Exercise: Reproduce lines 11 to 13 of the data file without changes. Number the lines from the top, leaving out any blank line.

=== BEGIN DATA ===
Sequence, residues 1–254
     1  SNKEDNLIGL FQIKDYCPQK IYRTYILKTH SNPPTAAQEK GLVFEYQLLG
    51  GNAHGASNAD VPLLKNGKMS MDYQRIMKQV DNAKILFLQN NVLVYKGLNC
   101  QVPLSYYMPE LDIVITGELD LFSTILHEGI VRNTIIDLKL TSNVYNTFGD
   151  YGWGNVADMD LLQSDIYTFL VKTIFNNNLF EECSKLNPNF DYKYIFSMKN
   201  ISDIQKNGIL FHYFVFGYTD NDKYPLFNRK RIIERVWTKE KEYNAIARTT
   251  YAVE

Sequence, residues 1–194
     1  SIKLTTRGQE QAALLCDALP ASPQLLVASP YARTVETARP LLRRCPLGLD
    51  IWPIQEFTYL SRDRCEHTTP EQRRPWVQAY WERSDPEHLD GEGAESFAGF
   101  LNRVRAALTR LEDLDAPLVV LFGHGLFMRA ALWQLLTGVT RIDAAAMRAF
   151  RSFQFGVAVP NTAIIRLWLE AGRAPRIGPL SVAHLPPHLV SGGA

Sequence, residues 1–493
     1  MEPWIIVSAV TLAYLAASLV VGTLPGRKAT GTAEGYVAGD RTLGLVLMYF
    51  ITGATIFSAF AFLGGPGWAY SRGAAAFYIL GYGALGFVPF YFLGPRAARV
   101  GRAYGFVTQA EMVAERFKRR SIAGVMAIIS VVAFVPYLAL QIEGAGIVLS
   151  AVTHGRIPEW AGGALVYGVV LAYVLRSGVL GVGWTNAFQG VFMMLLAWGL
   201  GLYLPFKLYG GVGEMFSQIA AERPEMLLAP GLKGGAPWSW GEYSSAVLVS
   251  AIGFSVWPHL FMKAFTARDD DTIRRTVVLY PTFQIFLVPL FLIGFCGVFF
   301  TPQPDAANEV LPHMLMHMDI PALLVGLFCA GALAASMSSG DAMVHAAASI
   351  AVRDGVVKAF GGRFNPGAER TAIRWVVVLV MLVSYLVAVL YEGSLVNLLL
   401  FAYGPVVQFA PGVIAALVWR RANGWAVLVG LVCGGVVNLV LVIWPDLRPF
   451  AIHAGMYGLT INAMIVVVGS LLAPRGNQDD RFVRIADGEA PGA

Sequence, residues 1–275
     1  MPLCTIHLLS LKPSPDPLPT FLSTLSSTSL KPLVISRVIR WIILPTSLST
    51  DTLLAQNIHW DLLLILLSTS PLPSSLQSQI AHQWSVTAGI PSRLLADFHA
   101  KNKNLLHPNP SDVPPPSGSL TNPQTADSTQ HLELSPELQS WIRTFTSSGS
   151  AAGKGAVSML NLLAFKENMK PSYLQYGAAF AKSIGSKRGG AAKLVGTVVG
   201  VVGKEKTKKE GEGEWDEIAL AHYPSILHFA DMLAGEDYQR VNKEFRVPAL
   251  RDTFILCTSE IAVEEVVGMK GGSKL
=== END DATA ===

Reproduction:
   101  LNRVRAALTR LEDLDAPLVV LFGHGLFMRA ALWQLLTGVT RIDAAAMRAF
   151  RSFQFGVAVP NTAIIRLWLE AGRAPRIGPL SVAHLPPHLV SGGA

Sequence, residues 1–493